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[User Picture]From: poliphilo
2008-06-18 01:43 pm (UTC)
I don't mind the British weather. Sure I complain about it (it's the national pastime) but really I love how varied it is. And I adore clouds. For one thing they're so photogenic.
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[User Picture]From: heleninwales
2008-06-18 02:06 pm (UTC)
This would be just the book for you: A Pig With Six Legs :)

The Cloud Appreciation Society's Manifesto states: 'We believe that clouds are for dreamers and their contemplation benefits the soul. [...] It is a proud celebration of the carefree, aimless and endlessly life-affirming pastime of cloudspotting.

Edited at 2008-06-18 02:07 pm (UTC)
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[User Picture]From: poliphilo
2008-06-18 03:07 pm (UTC)
What an extraordinary image!

I totally subcribe to that manifesto.
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From: algabal
2008-06-18 01:29 pm (UTC)
I lover her face and oversized hands..
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[User Picture]From: poliphilo
2008-06-18 01:41 pm (UTC)
His effigy seems to be a portrait, while she's just a generic pretty face. My guess is that she died before him and the tomb wasn't made until memories of what she looked like had faded.
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[User Picture]From: lblanchard
2008-06-18 02:50 pm (UTC)
Ha! I should have read further in the comments. Great minds. Although I imagine your former feminist friends would have a slightly different interpretation -- woman as object and the privileging of male identity, etc.
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[User Picture]From: poliphilo
2008-06-18 03:05 pm (UTC)
Yes indeed.

She's young- ageless- and he's a grey old man. I find that rather touching.

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[User Picture]From: karenkay
2008-06-18 03:08 pm (UTC)
I love it when you travel!
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[User Picture]From: poliphilo
2008-06-18 03:14 pm (UTC)
Thanks.

I love doing it.
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[User Picture]From: karenkay
2008-06-18 03:17 pm (UTC)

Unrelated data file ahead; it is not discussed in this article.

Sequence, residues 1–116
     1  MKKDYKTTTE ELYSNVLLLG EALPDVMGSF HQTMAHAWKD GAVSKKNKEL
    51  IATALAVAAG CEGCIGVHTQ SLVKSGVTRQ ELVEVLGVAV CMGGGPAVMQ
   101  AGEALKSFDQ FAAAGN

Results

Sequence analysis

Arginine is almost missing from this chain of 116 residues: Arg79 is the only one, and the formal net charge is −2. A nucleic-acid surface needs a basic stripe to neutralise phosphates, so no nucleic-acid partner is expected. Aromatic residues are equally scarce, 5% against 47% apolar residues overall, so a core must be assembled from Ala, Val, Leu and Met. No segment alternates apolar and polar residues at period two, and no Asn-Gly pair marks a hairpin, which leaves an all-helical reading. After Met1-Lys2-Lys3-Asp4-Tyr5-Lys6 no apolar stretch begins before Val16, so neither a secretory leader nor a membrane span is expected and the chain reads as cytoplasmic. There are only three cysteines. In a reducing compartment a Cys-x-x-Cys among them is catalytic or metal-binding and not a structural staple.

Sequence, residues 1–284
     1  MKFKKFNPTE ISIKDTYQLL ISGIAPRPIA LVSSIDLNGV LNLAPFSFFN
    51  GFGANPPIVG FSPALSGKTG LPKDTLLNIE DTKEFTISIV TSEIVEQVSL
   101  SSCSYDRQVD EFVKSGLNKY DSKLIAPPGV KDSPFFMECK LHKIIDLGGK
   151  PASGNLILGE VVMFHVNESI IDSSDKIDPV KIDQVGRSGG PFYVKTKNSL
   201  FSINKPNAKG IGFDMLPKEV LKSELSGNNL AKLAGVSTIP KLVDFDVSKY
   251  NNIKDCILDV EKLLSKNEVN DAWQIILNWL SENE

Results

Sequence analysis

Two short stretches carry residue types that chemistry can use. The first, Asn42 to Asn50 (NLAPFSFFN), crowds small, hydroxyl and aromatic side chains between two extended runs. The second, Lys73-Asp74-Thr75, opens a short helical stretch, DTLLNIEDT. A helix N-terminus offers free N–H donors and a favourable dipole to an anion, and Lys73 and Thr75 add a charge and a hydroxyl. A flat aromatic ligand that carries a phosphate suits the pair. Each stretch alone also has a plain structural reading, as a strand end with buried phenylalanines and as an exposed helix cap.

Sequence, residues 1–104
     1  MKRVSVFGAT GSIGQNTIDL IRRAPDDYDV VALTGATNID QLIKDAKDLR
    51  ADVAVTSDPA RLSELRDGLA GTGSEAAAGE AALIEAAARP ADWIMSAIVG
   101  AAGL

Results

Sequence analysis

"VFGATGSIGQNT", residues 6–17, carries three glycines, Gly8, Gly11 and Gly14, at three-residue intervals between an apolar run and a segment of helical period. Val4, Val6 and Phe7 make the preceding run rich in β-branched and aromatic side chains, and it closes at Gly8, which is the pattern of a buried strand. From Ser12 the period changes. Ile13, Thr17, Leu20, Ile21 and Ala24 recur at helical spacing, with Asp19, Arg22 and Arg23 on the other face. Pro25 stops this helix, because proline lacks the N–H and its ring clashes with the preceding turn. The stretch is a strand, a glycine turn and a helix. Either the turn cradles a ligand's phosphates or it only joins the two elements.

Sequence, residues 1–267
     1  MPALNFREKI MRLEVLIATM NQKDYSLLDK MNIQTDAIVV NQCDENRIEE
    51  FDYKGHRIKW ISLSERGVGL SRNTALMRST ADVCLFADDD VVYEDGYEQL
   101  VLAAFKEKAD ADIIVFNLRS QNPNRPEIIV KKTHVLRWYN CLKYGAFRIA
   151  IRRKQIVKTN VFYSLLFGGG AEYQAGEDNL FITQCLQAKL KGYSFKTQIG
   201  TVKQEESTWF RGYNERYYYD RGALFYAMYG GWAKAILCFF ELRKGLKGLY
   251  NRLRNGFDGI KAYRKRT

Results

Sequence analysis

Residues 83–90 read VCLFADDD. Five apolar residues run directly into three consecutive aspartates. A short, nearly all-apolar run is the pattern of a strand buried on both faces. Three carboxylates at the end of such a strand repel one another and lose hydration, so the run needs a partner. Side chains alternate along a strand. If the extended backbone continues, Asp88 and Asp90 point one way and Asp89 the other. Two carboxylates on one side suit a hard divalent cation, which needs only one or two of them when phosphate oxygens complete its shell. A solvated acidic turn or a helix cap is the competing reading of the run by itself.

You have this offbeat, but somehow entirely English POV that I always find interesting.
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[User Picture]From: poliphilo
2008-06-18 03:35 pm (UTC)
Thank you.

I take that as a great compliment.
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[User Picture]From: daisytells
2008-06-18 03:31 pm (UTC)
There's a gang problem in parts of my beautiful city, and it seems that the authorities are powerless to stop the reign of terror under which the inhabitants live. From the gist of this post it looks like the locals would have a better shot at eliminating gang terror, if only they were allowed to do it.
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[User Picture]From: poliphilo
2008-06-18 03:38 pm (UTC)
Of course 18th century England didn't possess a police force...

The story of the battle of Goudhurst is so like the plot of a western- a cross between The Magnificent Seven and Gunfight at the OK Corral.
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[User Picture]From: pondhopper
2008-06-18 07:53 pm (UTC)
The Culpepper tomb effigies are fantastic. Her hands are inordinately large compares to her face or is that just the perspective of the photo?

The second last picture is perfect with the dark clouds behind the church and the patch of blue sky to the right. I like that one very much.
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[User Picture]From: poliphilo
2008-06-18 08:22 pm (UTC)
I don't think you're wrong about her hands. I didn't notice the discrepancy at the time so I can't be sure, but I believe it's more than a trick of perspective.

I'm glad you like that second to last one- it's my favourite too.